Using AIDA64’s GPGPU benchmark we see how IGP memory behaves as well as the floating point operation numbers. Traditionally, integrated graphics are choked in terms of memory bandwidth in comparison to discrete GPUs but the eDRAM cache operating at 1.8GHz on the i7-5775C considerably helps with the performance.
These tests are all strictly using the integrated graphics and no discrete GPUs are used. Starting with two Unigine programs (synthetic 3D benchmarks which exclusively load the GPU through advanced tessellation, lighting and other DX11 effects) the i7-5775C shows more than twice the performance improvement over the HD 5600 integrated graphics on the i7-4770K. Part of the promotional slides for the Broadwell release promises 2X the graphical power so it is nice to see it verified right off the bat. More importantly, AMD’s formidable Radeon R7 graphics has been dethroned and considerably so, with the gap between the 4770K and the APU closer than the gap between the APU and the HD 6200 GPU.
Moving on to semi-synthetic loads from 3DMark which generates a combined benchmark from a mix of exclusively graphical tests and CPU physics tests, performance shows a comparable gain. The green bar represents the physics score which is entirely CPU-bound hence the large advantage of the two Intel CPUs over the AMD A10-7850K, but even with the higher frequency advantage of the i7-4770K out of the box, the i7-5775c has a convincing lead.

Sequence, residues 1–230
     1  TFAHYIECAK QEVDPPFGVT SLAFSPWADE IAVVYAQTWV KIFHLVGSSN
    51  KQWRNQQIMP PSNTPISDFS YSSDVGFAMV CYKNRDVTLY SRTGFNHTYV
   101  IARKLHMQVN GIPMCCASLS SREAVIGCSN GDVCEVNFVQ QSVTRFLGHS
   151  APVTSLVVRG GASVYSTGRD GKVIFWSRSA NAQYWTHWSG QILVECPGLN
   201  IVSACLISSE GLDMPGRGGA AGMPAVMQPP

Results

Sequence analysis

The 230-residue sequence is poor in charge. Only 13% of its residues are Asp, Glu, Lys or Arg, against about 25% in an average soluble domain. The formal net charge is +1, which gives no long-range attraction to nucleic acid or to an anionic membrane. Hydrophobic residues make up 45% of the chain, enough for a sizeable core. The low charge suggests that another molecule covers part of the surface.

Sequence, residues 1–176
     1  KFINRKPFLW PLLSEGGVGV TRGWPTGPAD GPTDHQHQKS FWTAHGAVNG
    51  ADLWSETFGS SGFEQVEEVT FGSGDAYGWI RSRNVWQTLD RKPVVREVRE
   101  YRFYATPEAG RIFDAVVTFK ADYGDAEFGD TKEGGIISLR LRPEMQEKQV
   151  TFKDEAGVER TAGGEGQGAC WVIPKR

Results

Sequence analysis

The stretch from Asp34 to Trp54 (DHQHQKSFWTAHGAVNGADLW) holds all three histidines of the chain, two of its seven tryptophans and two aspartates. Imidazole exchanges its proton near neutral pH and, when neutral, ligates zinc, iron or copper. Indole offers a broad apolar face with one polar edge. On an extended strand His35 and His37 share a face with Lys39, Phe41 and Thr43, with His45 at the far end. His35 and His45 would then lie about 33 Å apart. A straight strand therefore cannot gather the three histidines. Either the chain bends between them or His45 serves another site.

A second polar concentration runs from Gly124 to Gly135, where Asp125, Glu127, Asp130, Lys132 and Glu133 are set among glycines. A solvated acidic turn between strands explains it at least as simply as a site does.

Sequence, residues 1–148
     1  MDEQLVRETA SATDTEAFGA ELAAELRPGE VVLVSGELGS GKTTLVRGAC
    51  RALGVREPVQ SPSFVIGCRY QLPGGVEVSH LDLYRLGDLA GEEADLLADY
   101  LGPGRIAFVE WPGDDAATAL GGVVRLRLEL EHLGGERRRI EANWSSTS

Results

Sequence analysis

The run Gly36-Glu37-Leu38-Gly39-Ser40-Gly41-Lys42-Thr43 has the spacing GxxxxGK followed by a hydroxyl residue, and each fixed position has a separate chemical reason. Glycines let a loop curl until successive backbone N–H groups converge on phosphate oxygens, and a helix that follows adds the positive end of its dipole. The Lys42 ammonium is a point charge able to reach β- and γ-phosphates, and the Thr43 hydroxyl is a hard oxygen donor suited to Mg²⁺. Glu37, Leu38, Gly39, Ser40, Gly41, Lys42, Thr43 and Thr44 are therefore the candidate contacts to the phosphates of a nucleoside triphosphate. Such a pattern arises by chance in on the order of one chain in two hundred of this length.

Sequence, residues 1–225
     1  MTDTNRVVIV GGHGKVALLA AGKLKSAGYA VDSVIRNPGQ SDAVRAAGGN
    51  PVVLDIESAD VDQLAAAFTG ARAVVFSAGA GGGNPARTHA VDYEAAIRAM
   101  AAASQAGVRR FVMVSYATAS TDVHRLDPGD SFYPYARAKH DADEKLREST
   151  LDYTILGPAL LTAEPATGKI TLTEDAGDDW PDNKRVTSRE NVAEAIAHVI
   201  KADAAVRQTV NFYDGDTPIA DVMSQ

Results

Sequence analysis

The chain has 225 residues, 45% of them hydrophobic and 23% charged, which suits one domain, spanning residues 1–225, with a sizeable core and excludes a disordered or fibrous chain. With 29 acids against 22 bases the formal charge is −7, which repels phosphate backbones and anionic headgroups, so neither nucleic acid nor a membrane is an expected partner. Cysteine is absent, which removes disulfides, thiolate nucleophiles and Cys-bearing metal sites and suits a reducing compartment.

With real world games in 1920×1080, the HD 6200 pushes performance levels to above 30+fps even when using a HIGH quality preset in Alien Isolation, Bioshock Infinite and Tomb Raider. The notoriously demanding Metro Last Light (non-Redux) is even playable at the lowest preset.
Gaming Performance vs RAM Frequency
Memory speed affects gaming performance on Broadwell and shows big gains at 2133MHz compared to 1600MHz and 1866MHz with tighter timings. Only Metro Last Light shows a gradual increase but for everything else, the jump from 1866MHz to 2133MHz is massive.